EY failed to report suspicious activity at one of the world's largest gold refineries and then altered a compliance report to hide the crime.

BBC Panorama found the gang laundered money by selling 3.6 tonnes of gold to the Kaloti refinery in Dubai.

Both EY and Kaloti deny any wrongdoing.

Twenty-seven members of the money laundering gang were jailed in France in 2017.

The gang had collected cash from drug dealers in the UK and other European countries. They then laundered the dirty money by buying and selling black market gold.

70 countries have now experienced organized disinformation campaigns

The news: An increasing number of countries have experienced coordinated social-media manipulation campaigns. It’s now 70 in total, up from 48 in 2018 and 28 in 2017, according to a report by researchers at Oxford University.

What does that mean? There’s a broad definition at work here: the study includes political parties or government agencies using social media to shape public attitudes. It also includes authoritarian regimes suppressing human rights or drowning out dissenting opinions. But there is a clear trend: disinformation campaigns, where false information is spread deliberately to deceive, are here to stay, and growing in number.

Facebook comes out on top: It’s the platform of choice for these campaigns. However, that may be as much a reflection of its status as the social platform of choice for two billion people as a comment on its moderation efforts, which are coming under increasing scrutiny.

China’s rise: Seven states are using disinformation to influence other countries, the study found. It’s not a hugely surprising list: China, India, Iran, Pakistan, Russia, Saudi Arabia, and Venezuela. However, China is notable as an increasingly major player in the “global disinformation order,” as the researchers put it. Until the 2019 Hong Kong protests, Chinese propaganda was mostly confined to domestic platforms like Weibo and WeChat. It’s now started aggressively using Facebook, Twitter, and YouTube, which should worry democracies, the researchers said. You can read the full report here.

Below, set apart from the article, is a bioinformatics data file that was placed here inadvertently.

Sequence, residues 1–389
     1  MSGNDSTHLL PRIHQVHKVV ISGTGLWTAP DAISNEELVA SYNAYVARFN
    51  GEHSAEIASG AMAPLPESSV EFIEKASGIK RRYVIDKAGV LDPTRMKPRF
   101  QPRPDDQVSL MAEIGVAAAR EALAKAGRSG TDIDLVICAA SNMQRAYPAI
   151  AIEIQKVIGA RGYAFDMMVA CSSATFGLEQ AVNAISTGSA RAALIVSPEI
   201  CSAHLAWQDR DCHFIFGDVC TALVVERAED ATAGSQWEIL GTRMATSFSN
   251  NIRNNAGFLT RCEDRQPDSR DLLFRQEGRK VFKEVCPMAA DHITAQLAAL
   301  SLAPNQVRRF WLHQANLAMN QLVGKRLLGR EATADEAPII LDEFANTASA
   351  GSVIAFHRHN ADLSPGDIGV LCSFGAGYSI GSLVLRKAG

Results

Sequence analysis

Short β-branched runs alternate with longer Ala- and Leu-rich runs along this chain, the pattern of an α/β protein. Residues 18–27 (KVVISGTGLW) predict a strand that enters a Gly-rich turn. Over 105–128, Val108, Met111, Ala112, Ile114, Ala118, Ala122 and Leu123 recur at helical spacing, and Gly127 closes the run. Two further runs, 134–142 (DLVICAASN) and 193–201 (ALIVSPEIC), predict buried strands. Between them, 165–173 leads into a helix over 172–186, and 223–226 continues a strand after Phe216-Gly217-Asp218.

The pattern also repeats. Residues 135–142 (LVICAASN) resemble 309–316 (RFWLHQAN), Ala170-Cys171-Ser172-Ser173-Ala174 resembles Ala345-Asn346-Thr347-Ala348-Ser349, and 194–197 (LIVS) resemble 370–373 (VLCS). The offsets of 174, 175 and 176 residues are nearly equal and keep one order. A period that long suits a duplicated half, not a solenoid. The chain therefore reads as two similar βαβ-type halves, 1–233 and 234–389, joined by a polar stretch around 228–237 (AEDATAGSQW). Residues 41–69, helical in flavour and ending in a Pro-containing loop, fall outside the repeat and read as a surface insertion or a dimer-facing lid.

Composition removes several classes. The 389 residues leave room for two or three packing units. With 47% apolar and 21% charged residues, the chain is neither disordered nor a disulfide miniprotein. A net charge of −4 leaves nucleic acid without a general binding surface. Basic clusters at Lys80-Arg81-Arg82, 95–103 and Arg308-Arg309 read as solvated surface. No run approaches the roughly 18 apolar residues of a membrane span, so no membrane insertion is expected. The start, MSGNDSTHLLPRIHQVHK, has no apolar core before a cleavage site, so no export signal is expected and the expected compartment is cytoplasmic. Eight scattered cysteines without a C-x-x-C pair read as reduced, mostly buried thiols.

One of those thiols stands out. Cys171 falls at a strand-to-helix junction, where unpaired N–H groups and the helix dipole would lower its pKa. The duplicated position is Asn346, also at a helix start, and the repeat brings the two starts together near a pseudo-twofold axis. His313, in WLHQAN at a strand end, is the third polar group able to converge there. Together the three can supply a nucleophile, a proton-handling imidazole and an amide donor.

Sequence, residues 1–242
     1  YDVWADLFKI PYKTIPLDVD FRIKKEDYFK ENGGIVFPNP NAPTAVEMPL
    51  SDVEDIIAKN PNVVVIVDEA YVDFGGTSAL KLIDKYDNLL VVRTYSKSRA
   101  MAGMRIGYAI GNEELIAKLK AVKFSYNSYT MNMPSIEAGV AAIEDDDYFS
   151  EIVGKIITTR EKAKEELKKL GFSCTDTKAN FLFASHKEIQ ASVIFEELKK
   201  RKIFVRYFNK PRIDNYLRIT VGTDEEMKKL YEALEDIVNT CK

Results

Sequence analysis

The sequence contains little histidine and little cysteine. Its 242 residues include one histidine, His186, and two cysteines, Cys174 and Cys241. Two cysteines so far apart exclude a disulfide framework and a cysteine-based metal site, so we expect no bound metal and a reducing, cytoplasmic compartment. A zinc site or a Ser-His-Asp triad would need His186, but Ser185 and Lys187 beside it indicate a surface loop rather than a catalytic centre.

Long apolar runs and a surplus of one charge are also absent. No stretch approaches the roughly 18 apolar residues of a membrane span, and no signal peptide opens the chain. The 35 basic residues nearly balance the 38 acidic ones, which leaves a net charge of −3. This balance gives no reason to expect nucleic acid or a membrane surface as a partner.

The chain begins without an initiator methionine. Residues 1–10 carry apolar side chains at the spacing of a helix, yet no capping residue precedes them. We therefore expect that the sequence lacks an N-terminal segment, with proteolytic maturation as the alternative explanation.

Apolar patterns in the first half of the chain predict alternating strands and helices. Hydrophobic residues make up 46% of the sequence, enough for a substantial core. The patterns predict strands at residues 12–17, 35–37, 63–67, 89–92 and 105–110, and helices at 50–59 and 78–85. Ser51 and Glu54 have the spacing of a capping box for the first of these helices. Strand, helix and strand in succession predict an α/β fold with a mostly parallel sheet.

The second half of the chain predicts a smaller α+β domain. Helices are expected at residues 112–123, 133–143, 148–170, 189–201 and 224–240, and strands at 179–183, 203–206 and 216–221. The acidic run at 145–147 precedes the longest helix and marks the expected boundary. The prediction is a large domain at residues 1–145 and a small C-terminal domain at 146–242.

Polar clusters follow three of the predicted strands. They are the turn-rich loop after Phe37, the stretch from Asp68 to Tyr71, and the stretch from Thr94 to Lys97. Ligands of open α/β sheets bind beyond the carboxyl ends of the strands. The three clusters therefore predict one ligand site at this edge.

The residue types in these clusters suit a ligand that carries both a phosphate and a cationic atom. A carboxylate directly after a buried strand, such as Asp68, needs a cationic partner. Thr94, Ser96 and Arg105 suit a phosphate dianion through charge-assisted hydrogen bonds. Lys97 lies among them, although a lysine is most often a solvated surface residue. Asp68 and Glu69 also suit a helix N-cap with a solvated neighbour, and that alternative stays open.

Analysts predict counterdrone market will top $2B

By: Kelsey D. Atherton
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The three biggest obstacles facing the counterdrone market are the law, the nature of the threat, and the technology itself. In fairness, those are obstacles to the adoption of most any national security technology.

A new analysis by investment consultants Frost & Sullivan tackles the counterdrone market, an area of high interest, no consensus, and much proverbial snake oil. The report projects a counterdrone market whose revenues will exceed $2 billion by 2024. What legal obstacles counterdrone systems face depend on how, exactly, the equipment works to stop a drone.

“Adoption of these [counterdrone] technologies is limited by individual country rules against wiretapping, jamming, and computer hacking — all methods employed by various C-UAS,” said Michael Blades of Frost & Sullivan.

The Air Force of the Future: A Comparison of Alternative Force Structures

Section 1064 of the fiscal year (FY) 2018 National Defense Authorization Act (NDAA) mandated three separate studies of the Air Force’s current and future force structure. The law specified that the studies consider future threats to air and space forces, traditional and alternative roles and missions for the Air Force, the role of new technology and remotely piloted aircraft (RPAs), and operation and sustainment costs, among other factors. It further mandated that each study include a force-sizing construct for the Air Force and recommended inventories by aircraft type in the 2030 timeframe. The purpose of this report is to compare, contrast, and critique the three studies of the Air Force’s future force structure. While each study had the option of producing a classified annex with additional material, this analysis only considers the unclassified material released from the three studies. The Air Force of the Future provides an independent assessment of the current state of the Air Force, areas where the studies agree, areas where they disagree, and areas where additional research and analysis is needed.